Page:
Margaret Thatcher always had a soft spot for David Young, the businessman who brought some “can do” spirit to the old Department of Trade and Industry.
Baroness Thatcher said of Lord Young: “Other people brought me problems. David brought me solutions.” Read more
I am trying to take my eyes off the Mail’s scoop on Tony Blair giving a £50,000 lecture to toilet roll and disinfectant manufacturers – and instead concentrate on the big issue of the day. That is, Iain Duncan Smith’s plan to make the workless do manual labour in return for their dole money.
It throws up plenty of questions. Namely: Read more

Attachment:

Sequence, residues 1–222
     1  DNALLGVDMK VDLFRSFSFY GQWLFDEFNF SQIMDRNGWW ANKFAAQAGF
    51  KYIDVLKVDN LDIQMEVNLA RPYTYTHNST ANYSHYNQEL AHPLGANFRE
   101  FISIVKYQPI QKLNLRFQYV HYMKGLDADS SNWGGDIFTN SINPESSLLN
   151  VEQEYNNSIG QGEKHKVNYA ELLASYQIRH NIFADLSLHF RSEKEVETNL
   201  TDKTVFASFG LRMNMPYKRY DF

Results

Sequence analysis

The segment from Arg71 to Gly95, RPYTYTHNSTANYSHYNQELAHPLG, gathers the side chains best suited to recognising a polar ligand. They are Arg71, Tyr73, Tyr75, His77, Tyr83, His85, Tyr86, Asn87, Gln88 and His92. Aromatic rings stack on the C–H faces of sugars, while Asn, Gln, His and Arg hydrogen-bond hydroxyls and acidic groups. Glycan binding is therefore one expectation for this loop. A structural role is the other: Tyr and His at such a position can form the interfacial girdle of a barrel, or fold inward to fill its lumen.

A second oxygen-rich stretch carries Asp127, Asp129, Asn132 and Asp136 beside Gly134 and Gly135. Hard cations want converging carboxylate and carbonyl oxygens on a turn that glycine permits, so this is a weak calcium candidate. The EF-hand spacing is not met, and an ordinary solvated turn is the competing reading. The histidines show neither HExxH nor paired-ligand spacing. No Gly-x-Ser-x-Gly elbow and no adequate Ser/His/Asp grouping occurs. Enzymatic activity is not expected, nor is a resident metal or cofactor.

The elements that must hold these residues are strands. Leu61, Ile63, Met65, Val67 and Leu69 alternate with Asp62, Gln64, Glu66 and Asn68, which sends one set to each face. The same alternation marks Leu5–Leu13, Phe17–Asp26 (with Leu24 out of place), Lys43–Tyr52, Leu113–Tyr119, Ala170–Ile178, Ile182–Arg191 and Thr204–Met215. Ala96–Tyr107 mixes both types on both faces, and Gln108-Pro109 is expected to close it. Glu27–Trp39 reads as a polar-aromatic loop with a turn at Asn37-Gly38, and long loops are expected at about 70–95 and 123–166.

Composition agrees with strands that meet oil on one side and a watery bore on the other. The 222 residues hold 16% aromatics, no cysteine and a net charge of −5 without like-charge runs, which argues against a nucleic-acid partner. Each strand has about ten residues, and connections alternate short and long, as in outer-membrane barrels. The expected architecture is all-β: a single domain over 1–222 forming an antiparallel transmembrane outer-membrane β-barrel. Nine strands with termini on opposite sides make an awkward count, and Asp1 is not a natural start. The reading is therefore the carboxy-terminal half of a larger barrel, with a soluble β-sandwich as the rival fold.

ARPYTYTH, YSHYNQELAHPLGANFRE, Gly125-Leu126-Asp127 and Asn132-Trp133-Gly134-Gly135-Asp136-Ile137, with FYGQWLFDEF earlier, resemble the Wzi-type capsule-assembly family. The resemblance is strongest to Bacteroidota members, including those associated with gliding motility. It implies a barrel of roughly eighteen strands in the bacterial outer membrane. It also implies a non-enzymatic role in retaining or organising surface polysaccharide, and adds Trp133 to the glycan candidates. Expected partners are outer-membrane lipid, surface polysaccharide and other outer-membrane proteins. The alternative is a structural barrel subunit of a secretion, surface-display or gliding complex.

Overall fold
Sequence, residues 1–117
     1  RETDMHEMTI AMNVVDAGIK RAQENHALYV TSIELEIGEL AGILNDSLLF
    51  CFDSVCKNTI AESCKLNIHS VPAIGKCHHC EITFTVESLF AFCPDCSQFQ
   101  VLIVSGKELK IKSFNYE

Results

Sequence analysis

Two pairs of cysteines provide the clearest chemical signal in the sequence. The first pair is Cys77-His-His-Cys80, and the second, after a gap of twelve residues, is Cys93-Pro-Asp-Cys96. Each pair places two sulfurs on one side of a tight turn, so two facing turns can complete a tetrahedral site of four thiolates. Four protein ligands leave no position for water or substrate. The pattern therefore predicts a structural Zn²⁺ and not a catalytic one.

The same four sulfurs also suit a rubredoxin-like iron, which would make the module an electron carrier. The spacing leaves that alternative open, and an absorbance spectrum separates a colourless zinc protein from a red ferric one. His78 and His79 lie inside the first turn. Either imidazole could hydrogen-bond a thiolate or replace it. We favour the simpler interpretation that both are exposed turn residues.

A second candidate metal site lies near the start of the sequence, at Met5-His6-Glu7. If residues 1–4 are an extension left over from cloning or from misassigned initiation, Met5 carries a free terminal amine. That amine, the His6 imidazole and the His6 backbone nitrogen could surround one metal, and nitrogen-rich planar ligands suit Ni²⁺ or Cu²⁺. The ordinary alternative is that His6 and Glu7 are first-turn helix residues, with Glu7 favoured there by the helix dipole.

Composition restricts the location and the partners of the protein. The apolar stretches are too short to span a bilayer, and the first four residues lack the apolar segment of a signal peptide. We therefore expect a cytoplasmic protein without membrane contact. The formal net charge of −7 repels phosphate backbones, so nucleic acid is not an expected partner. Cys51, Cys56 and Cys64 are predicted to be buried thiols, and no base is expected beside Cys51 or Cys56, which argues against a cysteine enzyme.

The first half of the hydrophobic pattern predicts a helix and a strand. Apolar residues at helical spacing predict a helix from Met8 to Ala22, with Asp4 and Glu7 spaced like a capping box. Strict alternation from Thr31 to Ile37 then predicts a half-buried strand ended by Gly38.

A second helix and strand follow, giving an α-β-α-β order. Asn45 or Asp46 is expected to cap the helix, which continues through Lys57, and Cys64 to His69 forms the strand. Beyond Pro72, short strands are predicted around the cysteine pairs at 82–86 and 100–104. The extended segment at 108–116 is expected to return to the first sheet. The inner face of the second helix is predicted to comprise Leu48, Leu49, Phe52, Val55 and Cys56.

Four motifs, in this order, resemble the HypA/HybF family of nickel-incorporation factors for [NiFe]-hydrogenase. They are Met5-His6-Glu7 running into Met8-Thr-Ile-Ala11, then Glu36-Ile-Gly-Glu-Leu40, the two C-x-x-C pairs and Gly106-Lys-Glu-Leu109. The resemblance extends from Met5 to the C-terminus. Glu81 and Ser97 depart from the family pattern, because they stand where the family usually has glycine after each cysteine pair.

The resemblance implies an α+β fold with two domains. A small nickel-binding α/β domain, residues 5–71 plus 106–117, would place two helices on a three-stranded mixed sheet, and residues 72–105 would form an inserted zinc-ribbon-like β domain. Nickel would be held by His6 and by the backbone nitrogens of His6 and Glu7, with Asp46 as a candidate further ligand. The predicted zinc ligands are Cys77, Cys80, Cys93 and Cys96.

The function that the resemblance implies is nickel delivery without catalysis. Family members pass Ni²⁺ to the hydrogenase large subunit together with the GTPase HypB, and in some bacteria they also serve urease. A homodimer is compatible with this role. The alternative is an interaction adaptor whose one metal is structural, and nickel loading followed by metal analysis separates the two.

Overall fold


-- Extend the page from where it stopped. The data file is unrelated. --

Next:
Phil Woolas has just lost an historic court case in which he was accused of making false claims before the general election. There will now be a re-election for his seat, which he won in May with a majority of just 103 votes.
The case was the first of its kind for a century.
As the FT reported last month:
Phil Woolas was re-elected by a slim majority in Oldham east and Saddleworth, beating the Liberal Democrat candidate Elwyn Watkins. Mr Watkins claims Mr Woolas made false statements about him in an attempt to influence the result.
The court heard that Mr Woolas’s campaign team aimed to “galvanise the white Sun vote” against Mr Watkins, claiming Mr Watkins had tried to “woo” and “pander” to Muslim fanatics and militants, the court was told.
Now the Labour MP has lost the case it will set a curious precedent for British elections, where mud-slinging is widespread and many candidates are thrifty with the actualité.